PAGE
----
Many of us already view the financial industry as little more than a gigantic shakedown of the American public. But even so, there are still days when we can be dumbfounded by the sheer scale and gall of their machinations. Today is one of those days.
The New York Times reports that Goldman Sachs, apparently unhappy with the profits to be made solely in the financial markets, decided a few years ago to buy an aluminum storage business called Metro International. Their business strategy is to shuttle that aluminum around from one warehouse to another, something that's earned Goldman $5 billion over the past three years. If you don't understand how this is possible, well, it means you're just not very smart:
Before Goldman bought Metro International three years ago, warehouse customers used to wait an average of six weeks for their purchases to be located, retrieved by forklift and delivered to factories. But now that Goldman owns the company, the wait has grown more than 20-fold — to more than 16 months, according to industry records.
Longer waits might be written off as an aggravation, but they also make aluminum more expensive nearly everywhere in the country because of the arcane formula used to determine the cost of the metal on the spot market. The delays are so acute that Coca-Cola and many other manufacturers avoid buying aluminum stored here. Nonetheless, they still pay the higher price.
....Interviews with several current and former Metro employees, as well as someone with direct knowledge of the company’s business plan, suggest the longer waiting times are part of the company’s strategy and help Goldman increase its profits from the warehouses....Because Metro International charges rent each day for the stored metal, the long queues caused by shifting aluminum among its facilities means larger profits for Goldman. And because storage cost is a major component of the “premium” added to the price of all aluminum sold on the spot market, the delays mean higher prices for nearly everyone, even though most of the metal never passes through one of Goldman’s warehouses.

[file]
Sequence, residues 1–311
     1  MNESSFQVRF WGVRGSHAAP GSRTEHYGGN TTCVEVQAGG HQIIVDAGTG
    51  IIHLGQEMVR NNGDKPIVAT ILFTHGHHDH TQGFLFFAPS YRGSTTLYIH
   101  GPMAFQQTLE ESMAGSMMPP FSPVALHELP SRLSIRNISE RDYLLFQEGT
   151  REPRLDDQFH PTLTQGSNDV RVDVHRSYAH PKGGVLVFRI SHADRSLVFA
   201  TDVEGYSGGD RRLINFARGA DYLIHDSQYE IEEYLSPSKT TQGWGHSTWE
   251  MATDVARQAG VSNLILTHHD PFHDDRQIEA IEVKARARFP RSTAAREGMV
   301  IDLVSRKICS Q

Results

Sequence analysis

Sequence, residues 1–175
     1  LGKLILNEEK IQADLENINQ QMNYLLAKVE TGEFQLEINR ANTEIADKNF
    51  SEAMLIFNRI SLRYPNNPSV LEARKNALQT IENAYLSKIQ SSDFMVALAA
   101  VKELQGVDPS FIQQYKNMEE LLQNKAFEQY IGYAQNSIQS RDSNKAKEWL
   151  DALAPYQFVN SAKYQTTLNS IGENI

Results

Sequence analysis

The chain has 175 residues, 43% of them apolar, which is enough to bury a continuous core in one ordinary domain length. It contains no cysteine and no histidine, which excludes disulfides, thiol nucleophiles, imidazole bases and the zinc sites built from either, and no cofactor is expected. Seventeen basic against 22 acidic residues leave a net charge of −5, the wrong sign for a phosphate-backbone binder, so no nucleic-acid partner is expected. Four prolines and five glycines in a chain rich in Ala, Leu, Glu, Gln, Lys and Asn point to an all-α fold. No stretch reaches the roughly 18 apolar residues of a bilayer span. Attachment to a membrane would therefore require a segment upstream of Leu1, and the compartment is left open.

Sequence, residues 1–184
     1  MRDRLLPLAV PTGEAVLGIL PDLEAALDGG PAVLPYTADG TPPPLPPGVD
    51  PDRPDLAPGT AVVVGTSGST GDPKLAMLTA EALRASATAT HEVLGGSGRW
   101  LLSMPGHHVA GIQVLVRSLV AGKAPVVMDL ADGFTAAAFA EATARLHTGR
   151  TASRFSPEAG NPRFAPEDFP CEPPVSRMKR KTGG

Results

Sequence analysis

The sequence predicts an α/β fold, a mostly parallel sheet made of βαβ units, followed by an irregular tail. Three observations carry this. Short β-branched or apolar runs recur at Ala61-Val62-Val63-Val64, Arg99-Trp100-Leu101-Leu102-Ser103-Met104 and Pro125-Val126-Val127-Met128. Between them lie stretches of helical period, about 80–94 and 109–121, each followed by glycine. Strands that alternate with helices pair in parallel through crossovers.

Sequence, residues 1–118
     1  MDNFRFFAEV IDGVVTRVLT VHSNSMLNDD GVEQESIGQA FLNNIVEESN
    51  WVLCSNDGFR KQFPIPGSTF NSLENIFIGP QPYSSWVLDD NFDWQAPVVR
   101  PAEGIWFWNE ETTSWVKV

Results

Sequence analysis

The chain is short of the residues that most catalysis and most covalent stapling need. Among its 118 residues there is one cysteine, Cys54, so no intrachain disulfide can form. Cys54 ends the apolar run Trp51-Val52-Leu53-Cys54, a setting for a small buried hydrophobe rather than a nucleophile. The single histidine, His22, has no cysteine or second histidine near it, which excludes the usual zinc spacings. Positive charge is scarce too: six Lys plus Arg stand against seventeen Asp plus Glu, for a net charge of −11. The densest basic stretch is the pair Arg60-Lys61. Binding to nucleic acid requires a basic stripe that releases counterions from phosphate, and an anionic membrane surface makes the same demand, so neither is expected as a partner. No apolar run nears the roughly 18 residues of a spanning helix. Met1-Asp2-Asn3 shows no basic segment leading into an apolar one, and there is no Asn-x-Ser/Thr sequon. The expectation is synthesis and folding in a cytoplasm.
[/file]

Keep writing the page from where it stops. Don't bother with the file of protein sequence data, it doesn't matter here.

Aluminum industry analysts say that the lengthy delays at Metro International since Goldman took over are a major reason the premium on all aluminum sold in the spot market has doubled since 2010. The result is an additional cost of about $2 for the 35 pounds of aluminum used to manufacture 1,000 beverage cans, investment analysts say, and about $12 for the 200 pounds of aluminum in the average American-made car.
Did you follow that? Some genius at Goldman apparently had a brainstorm after reading the detailed rules that determine the spot price of aluminum. They figured that if storage times could be artificially lengthened, prices would go up and Goldman could make a killing. So they bought an aluminum storage business with the explicit goal of making customers wait a longer time for their aluminum. And they made a killing.
The Times hastens to add that Goldman has done nothing illegal. Of course not. Why bother when "special exemptions" granted by the Federal Reserve and "relaxed regulations" approved by Congress allow you to make billions legally? But perhaps considering the industry's track record, the Fed is thinking of reversing its rule that allows investment banks to buy nonfinancial commodities businesses? Don't be silly:
All of this could come to an end if the Federal Reserve Board declines to extend the exemptions that allowed Goldman and Morgan Stanley to make major investments in nonfinancial businesses — although there are indications in Washington that the Fed will let the arrangement stand. Wall Street banks, meanwhile, have focused their attention on another commodity. After a sustained lobbying effort, the Securities and Exchange Commission late last year approved a plan that will allow JPMorgan Chase, Goldman and BlackRock to buy up to 80 percent of the copper available on the market.
I hope you don't have any copper tubing or wiring in your house. If you do, you're going to get badly screwed the next time you have to replace it. But don't worry. It's all for a good cause.